It may be a cliché, but it happens to be true: A company is only as good as its employees. 

True, some business models think of their workers are little more than expendable replacement parts. This is true for large corporations that pay low wages, such as Dollar General and Wal-Mart. 

However, consider the sobering cost of employee turnover for firms that employ skilled professionals or technicians. A recent study by Boushey & Glynn found that the typical cost for turning over an employee earning less than $30,000 annually is 16% of that employee’s salary. That means for every such employee that leaves, replacing him or her costs $4,800 in recruitment, training and other expenses.

That is why company leaders who are employee-centric bring enormous stability and financial value to the companies they run. Some key elements of what makes up employee-centric leaders are:

Shares Information Freely 

Company heads who routinely withhold information from their staff foster an atmosphere of confusion and loss of trust. Employees who are well-informed rise more rapidly within an organization — that means they are motivated to stick around longer. The monetary value of that alone is considerable.

Create Successful Plans

Good leaders tend not to be micromanagers. Rather, they put together a detailed plan and educate their entire team on what it takes to carry out the company mission. Then it’s a matter of hiring high-quality employees and empowering them to bring in the best performance daily. Workers don’t like to be constantly looking over their shoulders to see if the boss is pleased. A successful plan with everyone on the same page is a super alternative to micromanagement.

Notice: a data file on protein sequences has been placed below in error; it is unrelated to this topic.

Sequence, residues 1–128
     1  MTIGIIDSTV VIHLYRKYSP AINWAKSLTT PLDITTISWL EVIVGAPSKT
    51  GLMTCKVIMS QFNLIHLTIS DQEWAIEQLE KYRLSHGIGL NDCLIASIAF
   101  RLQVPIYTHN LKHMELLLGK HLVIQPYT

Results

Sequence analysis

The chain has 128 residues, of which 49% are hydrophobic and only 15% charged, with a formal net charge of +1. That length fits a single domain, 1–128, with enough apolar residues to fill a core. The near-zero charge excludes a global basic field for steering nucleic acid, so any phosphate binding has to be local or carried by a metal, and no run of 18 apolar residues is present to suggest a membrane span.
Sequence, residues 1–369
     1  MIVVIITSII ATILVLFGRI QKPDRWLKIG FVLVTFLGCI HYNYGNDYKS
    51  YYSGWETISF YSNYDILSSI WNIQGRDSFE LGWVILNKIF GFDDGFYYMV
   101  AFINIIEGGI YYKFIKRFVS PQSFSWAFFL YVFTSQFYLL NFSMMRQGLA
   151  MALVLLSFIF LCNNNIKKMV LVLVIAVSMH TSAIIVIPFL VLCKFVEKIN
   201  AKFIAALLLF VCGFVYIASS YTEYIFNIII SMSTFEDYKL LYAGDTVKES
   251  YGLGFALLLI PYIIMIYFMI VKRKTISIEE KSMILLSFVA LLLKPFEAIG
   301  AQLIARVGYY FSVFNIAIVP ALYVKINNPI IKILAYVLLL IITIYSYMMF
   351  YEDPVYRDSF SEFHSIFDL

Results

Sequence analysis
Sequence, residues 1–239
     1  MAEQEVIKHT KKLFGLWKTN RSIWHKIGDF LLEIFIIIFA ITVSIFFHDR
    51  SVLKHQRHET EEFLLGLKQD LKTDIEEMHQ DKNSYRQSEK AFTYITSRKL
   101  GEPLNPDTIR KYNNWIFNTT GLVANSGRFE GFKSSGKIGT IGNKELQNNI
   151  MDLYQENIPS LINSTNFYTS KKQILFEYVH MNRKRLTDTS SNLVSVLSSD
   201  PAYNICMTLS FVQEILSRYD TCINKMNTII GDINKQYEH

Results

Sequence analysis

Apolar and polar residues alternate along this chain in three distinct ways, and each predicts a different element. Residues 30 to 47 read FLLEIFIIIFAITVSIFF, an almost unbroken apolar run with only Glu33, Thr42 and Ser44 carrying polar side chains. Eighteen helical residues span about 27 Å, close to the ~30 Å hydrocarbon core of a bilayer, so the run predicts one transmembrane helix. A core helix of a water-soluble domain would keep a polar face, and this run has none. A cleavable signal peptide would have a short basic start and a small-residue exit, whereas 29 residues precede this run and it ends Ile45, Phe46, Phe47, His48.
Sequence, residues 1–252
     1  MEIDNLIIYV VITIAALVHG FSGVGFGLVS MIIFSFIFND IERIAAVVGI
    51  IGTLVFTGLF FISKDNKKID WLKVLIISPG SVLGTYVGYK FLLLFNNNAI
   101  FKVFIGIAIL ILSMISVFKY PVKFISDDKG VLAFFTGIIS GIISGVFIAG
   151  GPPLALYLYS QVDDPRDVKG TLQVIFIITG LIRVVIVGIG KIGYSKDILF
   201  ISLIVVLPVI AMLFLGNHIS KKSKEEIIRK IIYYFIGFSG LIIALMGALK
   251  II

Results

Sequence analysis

Give Credit to Those Underneath

When a company leader is constantly creating his or her own prestige on the backs of their employees, the result is the fostering of a sense of resentment and eroding morale. But those bosses who give credit to staff members who make excellent contributions nurture loyalty to the company and its leader. It’s kind of a paradox — give liberal credit to those under you and your own image as a leader will rise as a result.

Award Good Behavior Often, Punish Less Often

A great company leader knows when to let “the little stuff” go, such as when an employee makes a big or small mistake one day but has been performing optimally for weeks on end. On the other hand, offering praise for even minor accomplishments has a way of building morale in a powerful way. Employee-centric leaders praise often and criticize as little as possible.